A Connecticut bus driver has been declared an imminent hazard to public safety after failing to disclose a history of dizziness and fainting during his most recent medical certification exam, according to a release from the Federal Motor Carrier Safety Administration.
The driver, Terence W. Slowther, has been ordered not to operate any commercial motor vehicles in interstate commerce. FMCSA’s imminent hazard out-of-service order for Slowther is based upon his disregard of federal safety regulations, of the safety of his passengers, and of the motoring public.
On Feb. 9, Slowther was operating a commercial bus transporting a U.S. Coast Guard Academy men’s hockey team when he experienced a medical episode on Interstate 95 in Connecticut, according to the FMCSA release.
“When the vehicle started swerving erratically at a high rate of speed, a number of the cadet passengers removed Slowther from the driver’s seat and regained control of the vehicle, bringing it safely to a stop,” the release stated.
A subsequent investigation by FMCSA and Connecticut officials revealed that on Dec. 27, 2013, Slowther “failed to disclose prior episodes of dizziness and fainting occurring between 2010 and 2012 to his medical examiner as required during his CDL medical qualification examination.” He obtained his medical certificate following the physical.
The FMCSA reports that those conditions were previously disclosed to medical providers in January of 2011 and 2012. The report also stated that Slowther experienced “symptoms of dizziness while operating a passenger-carrying commercial motor vehicle” on Nov. 3, 2010, but failed to disclose that incident as well.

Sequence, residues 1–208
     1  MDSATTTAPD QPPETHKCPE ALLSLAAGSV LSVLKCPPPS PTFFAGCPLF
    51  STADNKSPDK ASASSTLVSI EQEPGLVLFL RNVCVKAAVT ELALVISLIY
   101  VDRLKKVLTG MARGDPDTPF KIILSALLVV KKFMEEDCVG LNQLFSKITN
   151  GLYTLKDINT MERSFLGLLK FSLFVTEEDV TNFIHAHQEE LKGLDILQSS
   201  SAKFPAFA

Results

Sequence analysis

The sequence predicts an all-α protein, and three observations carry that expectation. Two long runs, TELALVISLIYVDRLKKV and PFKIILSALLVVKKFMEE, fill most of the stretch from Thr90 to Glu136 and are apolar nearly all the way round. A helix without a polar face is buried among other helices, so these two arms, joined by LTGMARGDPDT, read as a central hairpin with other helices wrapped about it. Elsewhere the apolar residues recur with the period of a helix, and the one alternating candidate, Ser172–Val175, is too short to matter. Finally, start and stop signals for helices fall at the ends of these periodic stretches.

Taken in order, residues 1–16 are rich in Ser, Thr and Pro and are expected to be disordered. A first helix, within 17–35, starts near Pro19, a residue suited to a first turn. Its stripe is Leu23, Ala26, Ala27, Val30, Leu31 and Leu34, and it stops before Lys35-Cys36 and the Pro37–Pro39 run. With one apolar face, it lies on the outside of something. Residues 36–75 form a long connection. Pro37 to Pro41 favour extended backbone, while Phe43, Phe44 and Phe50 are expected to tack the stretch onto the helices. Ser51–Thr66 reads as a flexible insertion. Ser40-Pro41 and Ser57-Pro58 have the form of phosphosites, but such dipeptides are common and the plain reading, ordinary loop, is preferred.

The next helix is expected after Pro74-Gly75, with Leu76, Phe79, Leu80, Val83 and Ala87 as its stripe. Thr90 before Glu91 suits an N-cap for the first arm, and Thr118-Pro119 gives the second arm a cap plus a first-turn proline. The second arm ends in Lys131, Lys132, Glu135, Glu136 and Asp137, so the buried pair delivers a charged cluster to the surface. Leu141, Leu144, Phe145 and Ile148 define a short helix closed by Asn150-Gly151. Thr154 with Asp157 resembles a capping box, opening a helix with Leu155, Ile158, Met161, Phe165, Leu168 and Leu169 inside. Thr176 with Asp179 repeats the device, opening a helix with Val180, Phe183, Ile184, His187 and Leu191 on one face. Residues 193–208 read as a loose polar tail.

Commercial drivers must pass a U.S. Department of Transportation medical examination at least every two years in order to obtain a valid medical certificate, maintain their CDL, and legally drive a commercial motor vehicle. A U.S. DOT medical exam looks at a range of conditions to determine a driver's medical fitness, including cardiovascular disease, respiratory and muscular functions, vision and hearing.
Beginning May 21 of this year, interstate CDL drivers will be required to obtain their medical certification from a health care professional who is listed on the National Registry of Certified Medical Examiners and has been trained, tested and certified on the specific physical qualifications that affect a driver’s ability to safely operate the vehicle.
FMCSA developed the National Registry of Certified Medical Examiners final rule as part of the agency’s commitment to enhancing the medical oversight of interstate drivers, and preventing commercial vehicle-related crashes, injuries and fatalities. The new responsibilities of the medical examiner will include providing identifying information for each driver examined to the National Registry to prevent medically unqualified individuals from obtaining or retaining a CDL.
A copy of Slowther’s out-of-service order can be viewed here.
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